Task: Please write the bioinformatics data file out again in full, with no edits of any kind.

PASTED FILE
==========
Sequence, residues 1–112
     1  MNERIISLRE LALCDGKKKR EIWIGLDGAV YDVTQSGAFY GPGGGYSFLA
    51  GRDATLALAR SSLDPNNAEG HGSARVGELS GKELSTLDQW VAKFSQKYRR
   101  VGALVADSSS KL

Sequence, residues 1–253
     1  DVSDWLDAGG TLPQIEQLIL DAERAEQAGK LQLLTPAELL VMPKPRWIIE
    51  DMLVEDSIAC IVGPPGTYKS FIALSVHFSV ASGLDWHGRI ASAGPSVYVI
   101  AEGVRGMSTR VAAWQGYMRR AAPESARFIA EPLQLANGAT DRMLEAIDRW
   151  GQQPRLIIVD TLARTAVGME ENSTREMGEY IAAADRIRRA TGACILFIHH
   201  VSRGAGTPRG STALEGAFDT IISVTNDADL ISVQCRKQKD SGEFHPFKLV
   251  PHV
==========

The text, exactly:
Sequence, residues 1–112
     1  MNERIISLRE LALCDGKKKR EIWIGLDGAV YDVTQSGAFY GPGGGYSFLA
    51  GRDATLALAR SSLDPNNAEG HGSARVGELS GKELSTLDQW VAKFSQKYRR
   101  VGALVADSSS KL

Sequence, residues 1–253
     1  DVSDWLDAGG TLPQIEQLIL DAERAEQAGK LQLLTPAELL VMPKPRWIIE
    51  DMLVEDSIAC IVGPPGTYKS FIALSVHFSV ASGLDWHGRI ASAGPSVYVI
   101  AEGVRGMSTR VAAWQGYMRR AAPESARFIA EPLQLANGAT DRMLEAIDRW
   151  GQQPRLIIVD TLARTAVGME ENSTREMGEY IAAADRIRRA TGACILFIHH
   201  VSRGAGTPRG STALEGAFDT IISVTNDADL ISVQCRKQKD SGEFHPFKLV
   251  PHV